December 7, 2012
By Jacob Combs
Yesterday, I wrote about some great news out of Mexico, with the Supreme Court of Justice of the Nation (SCJN) ruling in favor of three same-sex couples in the southwestern state of Oaxaca seeking the right to marry. After the decision was announced, there was some question about the scope and effect of the ruling, so I figured it was worth revisiting the story (with another day’s worth of information) to clarify what exactly it means.
Michael Lavers of the Washington Blade wrote a great piece yesterday with some good background details on the decision. The suits filed on behalf of the three couples sought what is called an “amparo” in the Mexican legal system, which is essentially a request to have a court require local authorities to protect the plaintiffs’ constitutional rights. To my reading, these amparos are essentially human rights complaints that can be brought against local laws or acts by local authorities. The biggest caveat, though, is that an amparo only apples to the specific plaintiffs and the authorities against which they’ve brought the complaint.
More importantly, each individual case bringing an amparo complaint is called a tesis (thesis), and the Mexican constitutional system requires similar rulings in five tesis to crate what is called a jurisprudencia, or precedent. A jurisprudencia would stand as binding precedent on lower courts–but only in the state in which they are brought, the AP notes.
The decisions in the Oaxacan cases mean there are already three tesis on the marriage equality issue now, so it will take two more to obtain a jurisprudencia binding on all couples in Oaxaca. Additional cases would need to be brought in Mexico’s other states. Still, Alex Alí Méndez Díaz, who represented the three couples, told the Blade, “These cases set a precedent that can be invoked in any other state in Mexico. While it is not obligatory for those who must resolve these new cases, there is a high possibility that the result will be the same as what we have obtained in Oaxaca.”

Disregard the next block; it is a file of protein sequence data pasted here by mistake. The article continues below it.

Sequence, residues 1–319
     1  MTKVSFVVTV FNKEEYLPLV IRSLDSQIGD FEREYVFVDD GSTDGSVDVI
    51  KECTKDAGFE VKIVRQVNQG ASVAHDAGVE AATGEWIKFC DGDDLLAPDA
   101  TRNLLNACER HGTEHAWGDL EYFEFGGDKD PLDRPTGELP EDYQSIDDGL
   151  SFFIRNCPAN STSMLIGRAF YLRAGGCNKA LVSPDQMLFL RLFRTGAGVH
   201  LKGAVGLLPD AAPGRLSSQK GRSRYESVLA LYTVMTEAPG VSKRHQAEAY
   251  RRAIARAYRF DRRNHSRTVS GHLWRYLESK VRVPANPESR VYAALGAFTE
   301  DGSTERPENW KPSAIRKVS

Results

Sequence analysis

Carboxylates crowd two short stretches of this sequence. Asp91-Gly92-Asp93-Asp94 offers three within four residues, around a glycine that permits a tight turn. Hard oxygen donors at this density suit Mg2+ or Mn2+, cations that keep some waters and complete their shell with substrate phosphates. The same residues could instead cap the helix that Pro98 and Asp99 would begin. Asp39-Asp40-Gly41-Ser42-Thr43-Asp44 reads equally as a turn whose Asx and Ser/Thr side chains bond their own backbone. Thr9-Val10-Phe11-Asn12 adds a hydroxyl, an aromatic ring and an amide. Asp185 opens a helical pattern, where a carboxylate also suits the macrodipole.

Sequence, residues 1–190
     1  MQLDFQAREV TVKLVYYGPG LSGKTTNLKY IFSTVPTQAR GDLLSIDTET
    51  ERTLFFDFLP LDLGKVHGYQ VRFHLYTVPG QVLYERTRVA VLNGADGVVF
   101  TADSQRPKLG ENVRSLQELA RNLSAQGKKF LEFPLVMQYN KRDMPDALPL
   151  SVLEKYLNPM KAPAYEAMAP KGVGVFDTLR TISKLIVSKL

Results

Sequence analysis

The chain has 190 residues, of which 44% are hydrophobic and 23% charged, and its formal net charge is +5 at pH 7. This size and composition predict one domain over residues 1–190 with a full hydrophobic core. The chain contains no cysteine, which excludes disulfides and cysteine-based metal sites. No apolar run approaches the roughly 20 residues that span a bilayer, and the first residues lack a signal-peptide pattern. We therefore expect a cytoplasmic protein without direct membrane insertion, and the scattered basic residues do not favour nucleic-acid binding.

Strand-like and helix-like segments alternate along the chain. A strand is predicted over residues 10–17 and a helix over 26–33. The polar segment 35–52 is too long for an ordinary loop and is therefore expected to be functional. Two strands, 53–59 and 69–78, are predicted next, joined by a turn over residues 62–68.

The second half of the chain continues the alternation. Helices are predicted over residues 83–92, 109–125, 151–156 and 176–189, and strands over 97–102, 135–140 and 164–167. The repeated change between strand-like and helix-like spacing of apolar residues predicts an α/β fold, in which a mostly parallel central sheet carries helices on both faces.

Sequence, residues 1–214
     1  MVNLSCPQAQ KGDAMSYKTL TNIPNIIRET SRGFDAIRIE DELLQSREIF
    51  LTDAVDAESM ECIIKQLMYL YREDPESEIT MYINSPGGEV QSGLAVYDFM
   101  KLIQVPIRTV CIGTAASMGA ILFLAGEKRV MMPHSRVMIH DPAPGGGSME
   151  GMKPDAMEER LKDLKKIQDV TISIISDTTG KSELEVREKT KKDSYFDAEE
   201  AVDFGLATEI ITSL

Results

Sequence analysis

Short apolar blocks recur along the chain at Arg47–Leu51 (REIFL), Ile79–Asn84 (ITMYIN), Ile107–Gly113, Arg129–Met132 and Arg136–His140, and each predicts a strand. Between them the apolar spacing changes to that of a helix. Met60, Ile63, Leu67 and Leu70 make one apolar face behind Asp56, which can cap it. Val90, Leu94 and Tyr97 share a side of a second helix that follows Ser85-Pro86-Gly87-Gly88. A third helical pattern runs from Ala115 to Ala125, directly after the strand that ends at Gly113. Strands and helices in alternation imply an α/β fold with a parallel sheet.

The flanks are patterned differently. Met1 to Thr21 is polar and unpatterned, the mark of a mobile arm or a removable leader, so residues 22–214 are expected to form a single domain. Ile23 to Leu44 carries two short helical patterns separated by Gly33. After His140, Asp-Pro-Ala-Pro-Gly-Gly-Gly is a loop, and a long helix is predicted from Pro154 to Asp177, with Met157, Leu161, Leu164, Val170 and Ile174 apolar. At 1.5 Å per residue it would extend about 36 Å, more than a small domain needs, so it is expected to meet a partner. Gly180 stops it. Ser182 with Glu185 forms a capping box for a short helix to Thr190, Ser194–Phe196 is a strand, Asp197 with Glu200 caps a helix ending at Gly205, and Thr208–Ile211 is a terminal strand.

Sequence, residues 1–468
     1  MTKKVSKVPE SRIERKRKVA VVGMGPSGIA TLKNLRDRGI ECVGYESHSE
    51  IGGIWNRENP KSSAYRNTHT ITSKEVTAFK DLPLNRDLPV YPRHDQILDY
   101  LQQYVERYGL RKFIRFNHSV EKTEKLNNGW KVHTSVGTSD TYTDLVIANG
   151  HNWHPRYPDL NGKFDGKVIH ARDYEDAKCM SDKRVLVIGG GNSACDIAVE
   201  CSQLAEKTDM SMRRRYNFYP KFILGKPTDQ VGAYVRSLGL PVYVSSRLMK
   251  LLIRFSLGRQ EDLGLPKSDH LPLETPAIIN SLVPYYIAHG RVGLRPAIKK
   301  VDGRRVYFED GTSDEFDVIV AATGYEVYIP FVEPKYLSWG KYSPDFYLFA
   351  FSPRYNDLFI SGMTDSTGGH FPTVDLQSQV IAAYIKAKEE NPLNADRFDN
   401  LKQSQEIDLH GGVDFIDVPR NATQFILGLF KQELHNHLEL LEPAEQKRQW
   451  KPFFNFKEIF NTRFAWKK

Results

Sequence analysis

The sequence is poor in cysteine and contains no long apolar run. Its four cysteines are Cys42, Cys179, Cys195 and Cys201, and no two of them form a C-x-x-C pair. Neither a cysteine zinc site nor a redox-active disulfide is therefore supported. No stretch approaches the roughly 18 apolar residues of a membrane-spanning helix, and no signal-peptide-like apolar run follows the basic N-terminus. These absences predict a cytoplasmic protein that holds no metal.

As former Politico reporter J. Lester Feder wrote on his blog After Marriage, one of the Supreme Court justices (technically called ministers) who ruled in the case told CNN en Español that the court’s ruling could have a ripple effect across Mexico in a matter of ‘months’:
“The three cases are effective with respect to the state of Oaxaca. Nevertheless, the position that we have in the Supreme Court as the nation’s highest court, it is foreseeable that if other people of other [states] contesting a code [similar to Oaxaca's], the court will reiterate its criteria and that, with the passage of months, will create jurisprudencia that will become binding. While the Supreme Court continues to maintain this criteria, legislation of different states of our federation can be challenged and declared unconstitutional as happened today.”
Also this week, in Colombia, a marriage equality bill passed the first legislative hurdle on its way to becoming a law. A measure in Uruguay passed out of committee last week, and could be voted in the Chamber of Deputies on December 11. The Uruguayan Senate will likely not consider the bill until next year.
And, of course, here in the U.S., we eagerly await possible news from the Supreme Court today regarding the marriage equality cases. Stay tuned!